Account
Contact
Search Blog 
185

Using Phonics Dominoes to Build Language Skills

phonics dominoes tiles

Fun and Interactive Word Building!

Where has this game been all of my life?

Phonics Dominoes is a fantastic way to practice word-building and decoding skills. There are several versions available: Short Vowels, Long Vowels, Blends and Digraphs, Word-Building, and for more advanced students, Sentence-Building dominoes.

In this post, we’re reviewing the Short Vowels version.

These sturdy dominoes come in six bright colors and are the perfect size for small hands. Each tile contains a single consonant and a combination of two or three letters, allowing them to be combined in hundreds of ways. Instructions are provided for five different games. Several of the variations require at least two players, but you can easily adjust the rules so they work for a single student. The suggested age range is 6-9.

Let’s Play “Word Train”!

One way to play Short Vowel Dominoes is Word Train. Let’s play! Pick one player to be the dealer. The dealer starts the game by dealing five tiles to every player, including himself. Everyone then stands their tiles on edge so no one else can see them.

players tiles in phonics dominoes

The dealer starts play by placing one tile in the center of the table.

ug / h phonics domino tile

Now it’s time to make a word train! Each player has a chance to make a word by placing one of his tiles before or after the tiles already on the table.

For example, the first player plays one of his tiles to build the word hat.

spelling the word hat with phonics dominoes

The next player adds her od/r tile and builds the word rug. Now it’s your turn and you play your ub/r tile to build the word rod.

spelling words rug and rod with phonics dominoes

Great job! See how the train gets longer with every turn?

Now it’s your turn again…but look! None of your tiles can be added to the word train!

playing word train with phonics dominoes

You have to take another tile and add it to your tiles. Your turn is over, but don’t worry—you get to play again in the next round.

The first player to play all his tiles wins the game.

5 Ways to Build Language Skills with Short Vowels Phonics Dominoes

  1. Sound out words. Using the different word parts on the tiles will provide your kids with lots of practice blending sounds to create words.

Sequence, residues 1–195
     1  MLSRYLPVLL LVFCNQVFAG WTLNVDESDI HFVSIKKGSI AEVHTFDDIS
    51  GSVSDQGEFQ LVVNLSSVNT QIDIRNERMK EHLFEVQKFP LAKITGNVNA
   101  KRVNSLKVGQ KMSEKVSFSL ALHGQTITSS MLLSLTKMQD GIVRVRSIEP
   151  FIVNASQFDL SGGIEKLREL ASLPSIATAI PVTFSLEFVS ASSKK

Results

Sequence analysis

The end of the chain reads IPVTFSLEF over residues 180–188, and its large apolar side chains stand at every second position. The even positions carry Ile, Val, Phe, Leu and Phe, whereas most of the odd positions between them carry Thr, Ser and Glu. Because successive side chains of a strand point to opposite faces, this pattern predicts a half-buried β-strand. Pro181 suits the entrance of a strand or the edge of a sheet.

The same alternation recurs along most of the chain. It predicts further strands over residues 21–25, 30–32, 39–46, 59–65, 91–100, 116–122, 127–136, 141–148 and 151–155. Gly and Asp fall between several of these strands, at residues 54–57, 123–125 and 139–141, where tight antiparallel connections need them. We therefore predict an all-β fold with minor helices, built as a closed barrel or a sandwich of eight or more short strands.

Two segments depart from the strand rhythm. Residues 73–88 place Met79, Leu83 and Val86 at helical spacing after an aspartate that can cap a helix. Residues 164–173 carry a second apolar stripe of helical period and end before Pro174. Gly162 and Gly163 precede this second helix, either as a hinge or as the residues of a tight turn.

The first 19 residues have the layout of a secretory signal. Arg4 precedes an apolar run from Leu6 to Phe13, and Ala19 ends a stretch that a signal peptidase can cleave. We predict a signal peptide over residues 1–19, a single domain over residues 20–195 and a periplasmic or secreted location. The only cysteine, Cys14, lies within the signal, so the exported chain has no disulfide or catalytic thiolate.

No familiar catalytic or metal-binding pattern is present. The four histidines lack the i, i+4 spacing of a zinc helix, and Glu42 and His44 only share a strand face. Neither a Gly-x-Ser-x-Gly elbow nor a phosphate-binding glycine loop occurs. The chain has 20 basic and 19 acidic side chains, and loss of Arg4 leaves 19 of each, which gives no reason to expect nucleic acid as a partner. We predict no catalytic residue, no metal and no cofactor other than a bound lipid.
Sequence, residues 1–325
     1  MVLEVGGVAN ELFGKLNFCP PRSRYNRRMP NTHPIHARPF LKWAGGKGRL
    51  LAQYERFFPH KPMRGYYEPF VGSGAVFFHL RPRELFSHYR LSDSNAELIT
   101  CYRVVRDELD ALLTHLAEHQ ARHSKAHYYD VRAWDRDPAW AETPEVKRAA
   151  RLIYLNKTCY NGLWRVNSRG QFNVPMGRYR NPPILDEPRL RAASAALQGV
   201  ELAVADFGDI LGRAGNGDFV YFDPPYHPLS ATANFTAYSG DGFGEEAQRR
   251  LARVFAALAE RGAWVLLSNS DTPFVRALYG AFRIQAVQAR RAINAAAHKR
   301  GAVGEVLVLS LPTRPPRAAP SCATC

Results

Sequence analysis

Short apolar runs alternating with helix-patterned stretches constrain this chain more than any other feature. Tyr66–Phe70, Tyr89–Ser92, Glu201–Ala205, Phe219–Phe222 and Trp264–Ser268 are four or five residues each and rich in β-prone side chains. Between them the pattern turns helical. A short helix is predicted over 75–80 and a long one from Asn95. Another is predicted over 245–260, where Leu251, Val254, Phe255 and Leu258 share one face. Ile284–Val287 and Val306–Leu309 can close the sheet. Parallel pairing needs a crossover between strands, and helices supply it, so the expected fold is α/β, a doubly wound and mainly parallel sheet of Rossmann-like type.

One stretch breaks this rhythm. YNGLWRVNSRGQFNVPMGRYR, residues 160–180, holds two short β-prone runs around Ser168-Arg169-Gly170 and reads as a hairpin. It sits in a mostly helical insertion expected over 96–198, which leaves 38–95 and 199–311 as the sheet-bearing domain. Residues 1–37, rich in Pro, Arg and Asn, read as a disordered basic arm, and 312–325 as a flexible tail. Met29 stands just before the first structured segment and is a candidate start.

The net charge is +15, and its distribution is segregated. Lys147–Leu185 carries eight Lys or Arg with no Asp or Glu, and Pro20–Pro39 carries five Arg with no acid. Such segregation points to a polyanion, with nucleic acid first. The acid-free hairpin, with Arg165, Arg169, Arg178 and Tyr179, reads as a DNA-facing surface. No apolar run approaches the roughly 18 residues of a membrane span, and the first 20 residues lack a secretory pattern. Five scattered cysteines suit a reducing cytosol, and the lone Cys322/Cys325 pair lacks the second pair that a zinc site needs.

2. Build vocabulary. Kids can learn new words as they experiment with forming words with the tiles. You can also work with single tiles and encourage your kids to think of as many words as they can using the letters on that tile.
  3. Practice spelling skills. Kids will have fun finding “real” words to spell such as mop and hat, while avoiding “fake” words such as jod and rix.
  4. Build word families. Your child can experiment with word families, which are words that follow a similar pattern. Have your child keep adding new beginning consonants to form new words that rhyme.

  5. spelling word families with phonics dominoes
  6. Play with similarly spelled words. Phonics Dominoes can be especially helpful for Word Guessers because they will have to focus closely on the small variations between similarly spelled words. They’ll learn how changing even one letter of a word changes the meaning.
download phonics dominoes game sheet

Notes from Our Game Testers

  • Some kids find it fun to make up a silly sentence with the word that was just created.
  • Go ahead and create your own games using these tiles. The games in the instructions are a great jumping-off point, but you can tailor them any way you desire.
  • As you read the instructions, you may notice that Phonics Dominoes uses a different definition for phonograms than we do in the All About Reading and All About Spelling programs. This difference won’t affect your student or the game play in any way, but you may be interested to know the distinction. Our working definition of phonogram is “a letter or combination of letters that represents a sound” (such as B or CK). The game uses the working definition of word families (such as -AN, -OG, and -UN).

Does your family have a favorite board game that is a fun and “sneaky” way to build language skills? Please share in the comments below!

All About Learning Press, Inc. is a participant in the Amazon Services LLC Associates program, an affiliate advertising program designed to provide a means for us to earn fees by linking to Amazon.com and affiliated sites. All proceeds from our partnership with Amazon.com will be donated to local libraries.

Share This: